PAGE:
History as it unfolds live on your desktop or telephone
One of the joys of the modern 'newspaper' experience is the richness of content and the delivery platforms available. It's not always that immediacy and convenience go hand in hand, but increasingly it is the case.
Take for example earlier this week. I was able to watch Tony Blair's appearance before the Northern Ireland Affairs Committee at Westminster on the Belfast Telegraph website.
Even with my rubbish home broadband, the video streamed perfectly well and I was able to work away while keeping the corner of one eye on proceedings on the web page.
Alas, an unexpected interruption meant I had to leave the house, but I was able to return a few hours later and watch the remainder of the session without interruption.
By that time, of course, the video was not live-streamed, but it may as well have been in my life as I had leapt from work to personal and back to work seamlessly. Mr Blair, it appeared, had barely been interrupted in full flow.
All of which got me thinking as to the size of the Belfast Telegraph audience for the Blair appearance - I don't have figures; probably not massive, but not insignificant either. There is a growing appetite for live-streaming and the more popular the greater the audience potential.
There is something quite irresistible to being able to sit at your desk or on your phone and watch history in front of your eyes.
The Belfast Telegraph also live-streamed an English-language French TV station's coverage of the Charlie Hebdo massacre and certainly it was a brilliant and convenient way to dip in and out of the latest twist in turn of this particularly hideous drama.
Online video is increasingly the medium of the moment - and the future. Live-streaming is becoming more and more accessible and it won't be long before the most mundane of events are live-streamed as standard. With the establishment of 4G and the stirrings now of 5G, live-streaming will be come, well, mainstream.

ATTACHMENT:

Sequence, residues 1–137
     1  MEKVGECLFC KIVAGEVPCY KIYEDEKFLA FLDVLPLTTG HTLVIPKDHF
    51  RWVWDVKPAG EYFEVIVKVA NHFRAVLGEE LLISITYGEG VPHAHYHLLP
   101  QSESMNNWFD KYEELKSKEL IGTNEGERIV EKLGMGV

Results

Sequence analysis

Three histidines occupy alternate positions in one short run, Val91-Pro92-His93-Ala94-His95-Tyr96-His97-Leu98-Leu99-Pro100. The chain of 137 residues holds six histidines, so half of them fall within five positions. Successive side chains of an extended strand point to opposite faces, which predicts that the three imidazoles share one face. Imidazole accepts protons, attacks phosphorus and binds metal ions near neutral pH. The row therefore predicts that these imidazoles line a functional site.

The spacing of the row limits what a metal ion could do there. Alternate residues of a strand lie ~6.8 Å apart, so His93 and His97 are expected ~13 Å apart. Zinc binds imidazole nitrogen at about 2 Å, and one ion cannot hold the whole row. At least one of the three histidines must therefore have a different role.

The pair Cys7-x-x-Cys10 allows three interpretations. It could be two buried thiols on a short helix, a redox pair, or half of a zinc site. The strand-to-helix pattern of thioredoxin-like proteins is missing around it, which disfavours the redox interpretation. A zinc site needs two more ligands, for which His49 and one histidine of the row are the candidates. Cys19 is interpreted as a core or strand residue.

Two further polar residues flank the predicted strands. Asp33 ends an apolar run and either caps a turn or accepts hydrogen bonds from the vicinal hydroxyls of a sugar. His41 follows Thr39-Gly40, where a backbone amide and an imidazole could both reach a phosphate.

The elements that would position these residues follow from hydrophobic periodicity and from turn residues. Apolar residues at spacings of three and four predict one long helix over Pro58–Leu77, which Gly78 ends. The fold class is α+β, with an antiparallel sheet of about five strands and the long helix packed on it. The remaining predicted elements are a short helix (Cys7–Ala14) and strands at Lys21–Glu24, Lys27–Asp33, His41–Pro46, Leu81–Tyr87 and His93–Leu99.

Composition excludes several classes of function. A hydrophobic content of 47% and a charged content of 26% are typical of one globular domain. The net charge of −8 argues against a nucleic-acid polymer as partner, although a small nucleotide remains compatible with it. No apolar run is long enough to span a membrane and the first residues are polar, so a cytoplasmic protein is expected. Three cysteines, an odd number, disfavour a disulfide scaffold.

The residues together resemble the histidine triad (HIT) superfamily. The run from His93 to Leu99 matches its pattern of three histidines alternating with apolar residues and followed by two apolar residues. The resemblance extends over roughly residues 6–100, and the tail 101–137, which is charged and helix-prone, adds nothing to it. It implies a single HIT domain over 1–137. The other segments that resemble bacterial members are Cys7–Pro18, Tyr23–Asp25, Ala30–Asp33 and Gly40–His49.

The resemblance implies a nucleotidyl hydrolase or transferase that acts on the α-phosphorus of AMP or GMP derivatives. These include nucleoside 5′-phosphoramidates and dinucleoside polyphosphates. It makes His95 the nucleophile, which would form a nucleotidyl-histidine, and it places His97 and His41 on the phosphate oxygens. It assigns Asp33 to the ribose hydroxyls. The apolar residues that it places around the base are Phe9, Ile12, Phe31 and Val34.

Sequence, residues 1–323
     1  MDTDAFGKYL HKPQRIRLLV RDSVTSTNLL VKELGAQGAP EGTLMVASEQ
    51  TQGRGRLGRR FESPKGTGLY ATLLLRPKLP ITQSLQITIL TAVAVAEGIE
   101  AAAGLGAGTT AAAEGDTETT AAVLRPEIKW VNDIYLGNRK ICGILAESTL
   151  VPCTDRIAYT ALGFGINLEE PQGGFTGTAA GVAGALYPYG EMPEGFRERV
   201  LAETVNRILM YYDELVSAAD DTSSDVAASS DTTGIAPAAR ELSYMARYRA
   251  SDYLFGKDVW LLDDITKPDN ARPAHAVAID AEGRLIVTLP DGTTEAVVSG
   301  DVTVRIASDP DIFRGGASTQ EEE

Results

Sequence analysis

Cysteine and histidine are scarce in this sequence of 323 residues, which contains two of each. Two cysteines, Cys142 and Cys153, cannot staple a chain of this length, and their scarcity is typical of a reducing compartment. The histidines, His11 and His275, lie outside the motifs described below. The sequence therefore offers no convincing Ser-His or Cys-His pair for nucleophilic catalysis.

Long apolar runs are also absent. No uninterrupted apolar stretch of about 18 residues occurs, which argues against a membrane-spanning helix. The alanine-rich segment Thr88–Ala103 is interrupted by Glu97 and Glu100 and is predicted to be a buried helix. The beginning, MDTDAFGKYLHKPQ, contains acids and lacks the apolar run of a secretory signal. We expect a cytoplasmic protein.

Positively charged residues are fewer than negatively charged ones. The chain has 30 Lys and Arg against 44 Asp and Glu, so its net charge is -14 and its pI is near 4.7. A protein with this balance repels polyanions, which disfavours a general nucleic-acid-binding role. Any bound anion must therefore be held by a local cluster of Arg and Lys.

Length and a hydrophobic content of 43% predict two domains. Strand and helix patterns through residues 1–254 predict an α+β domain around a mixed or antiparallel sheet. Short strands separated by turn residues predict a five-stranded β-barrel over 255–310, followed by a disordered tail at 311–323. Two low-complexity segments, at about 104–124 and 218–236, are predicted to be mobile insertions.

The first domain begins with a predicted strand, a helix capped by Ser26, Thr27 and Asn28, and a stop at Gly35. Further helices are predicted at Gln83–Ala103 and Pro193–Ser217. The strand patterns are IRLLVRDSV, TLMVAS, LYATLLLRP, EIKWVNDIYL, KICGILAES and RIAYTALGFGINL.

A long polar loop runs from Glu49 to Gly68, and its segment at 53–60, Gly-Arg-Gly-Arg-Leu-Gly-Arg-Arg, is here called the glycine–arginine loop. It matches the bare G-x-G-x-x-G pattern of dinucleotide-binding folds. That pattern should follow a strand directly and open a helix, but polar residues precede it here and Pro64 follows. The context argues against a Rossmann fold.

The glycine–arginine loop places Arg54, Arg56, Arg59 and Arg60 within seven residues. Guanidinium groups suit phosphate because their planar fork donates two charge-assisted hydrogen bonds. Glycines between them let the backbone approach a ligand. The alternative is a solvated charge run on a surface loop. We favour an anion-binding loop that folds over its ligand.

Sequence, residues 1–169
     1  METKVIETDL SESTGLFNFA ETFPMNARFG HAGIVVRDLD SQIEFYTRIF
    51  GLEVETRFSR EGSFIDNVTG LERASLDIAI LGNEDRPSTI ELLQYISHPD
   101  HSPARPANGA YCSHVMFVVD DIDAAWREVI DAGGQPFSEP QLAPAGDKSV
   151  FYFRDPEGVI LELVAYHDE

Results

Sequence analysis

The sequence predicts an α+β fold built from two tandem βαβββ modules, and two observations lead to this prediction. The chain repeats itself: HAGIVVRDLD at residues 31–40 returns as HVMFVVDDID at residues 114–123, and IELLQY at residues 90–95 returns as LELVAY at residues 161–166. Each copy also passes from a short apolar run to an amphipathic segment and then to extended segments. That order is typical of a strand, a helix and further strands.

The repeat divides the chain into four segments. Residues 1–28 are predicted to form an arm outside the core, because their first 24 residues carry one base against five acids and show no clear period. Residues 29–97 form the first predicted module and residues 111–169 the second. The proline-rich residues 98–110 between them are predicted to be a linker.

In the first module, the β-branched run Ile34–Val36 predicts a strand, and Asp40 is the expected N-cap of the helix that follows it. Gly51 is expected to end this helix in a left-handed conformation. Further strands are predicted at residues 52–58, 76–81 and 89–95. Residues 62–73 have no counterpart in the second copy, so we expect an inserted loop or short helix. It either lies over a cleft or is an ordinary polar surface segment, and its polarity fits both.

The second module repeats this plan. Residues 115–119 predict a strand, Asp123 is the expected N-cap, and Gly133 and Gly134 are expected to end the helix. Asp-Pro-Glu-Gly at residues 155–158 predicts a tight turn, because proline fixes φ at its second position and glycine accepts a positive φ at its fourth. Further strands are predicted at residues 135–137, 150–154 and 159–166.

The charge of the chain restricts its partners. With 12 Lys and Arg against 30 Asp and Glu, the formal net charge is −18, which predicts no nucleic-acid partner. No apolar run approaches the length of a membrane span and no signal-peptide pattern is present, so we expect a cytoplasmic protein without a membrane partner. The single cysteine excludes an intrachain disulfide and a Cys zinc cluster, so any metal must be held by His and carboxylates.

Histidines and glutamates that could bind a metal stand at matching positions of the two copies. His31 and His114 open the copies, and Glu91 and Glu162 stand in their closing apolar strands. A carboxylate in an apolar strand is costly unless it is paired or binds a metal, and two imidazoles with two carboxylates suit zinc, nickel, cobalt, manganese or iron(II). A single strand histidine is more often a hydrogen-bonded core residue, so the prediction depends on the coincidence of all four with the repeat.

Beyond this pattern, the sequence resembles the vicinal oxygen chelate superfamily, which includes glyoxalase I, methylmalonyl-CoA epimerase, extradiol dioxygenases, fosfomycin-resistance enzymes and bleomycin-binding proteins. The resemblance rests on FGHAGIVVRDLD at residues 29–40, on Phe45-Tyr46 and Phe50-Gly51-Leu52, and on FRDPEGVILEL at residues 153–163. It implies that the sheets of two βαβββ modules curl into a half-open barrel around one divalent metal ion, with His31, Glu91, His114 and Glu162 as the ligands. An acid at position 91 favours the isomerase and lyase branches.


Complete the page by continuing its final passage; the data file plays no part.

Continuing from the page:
There is something about the intimacy and immediacy of live-streamed video that makes it very attractive. History, almost, in your hand.
And there is already proof of audience demand: a Daily Telegraph live-stream of the door of St Mary's Hospital in July 2013, where the Duchess of Cambridge gave birth to Prince George, was accessed one-and-a-half million times on www.telegraph.co.uk while it was live.
Of course, live-streaming as a service has been around for years now, but it's important to note the great strides forward in quality and reliability mean it will swiftly move from near-niche to mainstream. From the preserve of micro-streamers or giant corporations and truly into the hands, and on to the screens, of everybody. It's one thing to amateur live-stream a small event using web cameras. Media companies need to think about proper audio, lighting and more. But the possibilities are endless.
Sometimes the simplest ideas are the best. Belfast's crisp sandwich shop, Simply Crispy, appears to have been a storming success, turning a joke by satirical website Ulster Fry into reality with 35 different varieties of flavour, a torrent of coverage and reviving a million childhood memories.
If the huge reaction to the Belfast Telegraph's story and videos is any guide, its success is assured.
Make mine a ham on wholemeal... with Tayto cheese and onion, of course!